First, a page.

|More fun with containers.
||[Dec. 22nd, 2010|04:54 am]
Hanging out in Russia (the land of truly enormous spoons) with the engineers at Parallels' main office in Moscow, trying to absorb giant info-dumps and get over jetlag at the same time. They have an energy drink called "Adrenaline Rush" here, which is not bad.
Calling up google.com redirects to google.ru here, with no obvious way to make it not do that. (The non-obvious way to make it not do that turns out to be to visit google.com/en instead of google.com.)
Buying a local sim card for one's phone is apparently the same category of ordeal it is in the US, only with more paperwork and a language barrier. Decided to hold off until _next_ trip for that.
I wonder how you preview to see if you got the lj-cut tag right?
There are several different Linux contianers projects, but the one that made it into the vanilla kernel is loosely based on Google's cgroups stuff. The openvz one is most extensive feature-wise, but its userspace control knobs (the vzctl package) are based on system calls and ioctls that are only in the openvz kernel, not in vanilla. The new project started to add controls for what's in vanilla is the LXC package, which is full of rough edges and coded in the worst IBM "infrastructure in search of a user" style. (Maybe I'm spoiled by embedded development, where unused code is ruthlessly removed. Writing code you don't actually need and aren't currently using, just in case somebody someday might, is considered a BAD thing there.)
So I'm using the LXC package to set up a containers test environment, which is kind of painful. LXC's development history seems to consist largely of patches like this which literally do nothing but make the code bigger and more convoluted. They insist on needing capabilities but their scripts check to make sure they're running as root. You have to read through a huge amount of code to find the parts that are actually _doing_ anything, rather than just wrappers passing data around between themselves and checking that the previous wrapper layer agreed with the current wrapper layer about the format of said data. So when the code does something wrong, finding the relevant bits is the kind of expedition you bring Indiana Jones along for.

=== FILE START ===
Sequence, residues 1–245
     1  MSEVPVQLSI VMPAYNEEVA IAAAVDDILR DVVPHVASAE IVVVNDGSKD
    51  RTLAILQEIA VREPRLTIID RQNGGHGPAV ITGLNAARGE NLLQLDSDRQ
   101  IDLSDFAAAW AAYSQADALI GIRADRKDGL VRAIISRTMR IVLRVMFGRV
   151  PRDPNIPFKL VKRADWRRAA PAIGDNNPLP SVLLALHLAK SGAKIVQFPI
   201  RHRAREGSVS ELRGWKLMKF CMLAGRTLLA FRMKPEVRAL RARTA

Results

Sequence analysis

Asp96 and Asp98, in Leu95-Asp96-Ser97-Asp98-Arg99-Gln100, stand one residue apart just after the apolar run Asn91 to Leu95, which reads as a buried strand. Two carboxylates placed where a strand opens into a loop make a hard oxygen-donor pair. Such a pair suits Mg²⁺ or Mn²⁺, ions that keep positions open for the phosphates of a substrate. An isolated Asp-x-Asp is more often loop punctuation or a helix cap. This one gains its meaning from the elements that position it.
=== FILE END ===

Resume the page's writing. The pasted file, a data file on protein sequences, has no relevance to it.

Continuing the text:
Anyway, I built a containers-enabled kernel, built a debian sid chroot and made an 8 gig ext3 image out of it, launched the two of them under kvm, fetched the lxc source and built it inside the kvm system. Then I built a defconfig busybox 1.18.1, and used lxc's bsybox "template" (which is the term they invented for a chroot creation script... did I mention these guys love making up new terminology for no apparent reason?) to create a busybox container:
lxc-create -n 12345 -f doc/examples/lxc-macvlan.conf -t busybox
Using a statically linked busybox on the theory that I'm very familiar with it and it's probably the simplest root filesystem you can do, thus a good place to start.
And I launched said container:
lxc-start -n 12345
And it SORT of worked. Except that the shell prompt I got echoes all the characters I type back at me, but only listens to at most two characters typed per second. If you don't put a half second delay between characters you type, they get dropped.
Another fun detail is that only works the first time you start a container (after creating it). The second time, it fails with:
Failed to symlink /dev/pts/ptmx -> /dev/ptmx file exists.
And as soon as that happens, the host kernel starts spamming the console with "unregister_netdevice: waiting for eth0 to become free. Usage count = 1" and this will continue forever until you kill kvm and restart the Debian Sid host.
Let's recap: I have my laptop (running Ubuntu) running a KVM with a guest system based on Debian Sid, and inside the Debian system I'm playing around with LXC and containers to run a busybox root filesystem. That's two virtualization layers for three systems total: Ubuntu, Sid, Busybox. The second time I try to launch the busybox system, the Sid system gets confused and starts printk() spam to the KVM console that I can't stop until I restart KVM.
Hmmm, the unregister_netdevice thing is fixed by using the vanilla kernel instead of the nfs -git branch. So that's one bug down, a half-dozen to go, and then I can start paying attention to the part all this is supposedly just a test environment for....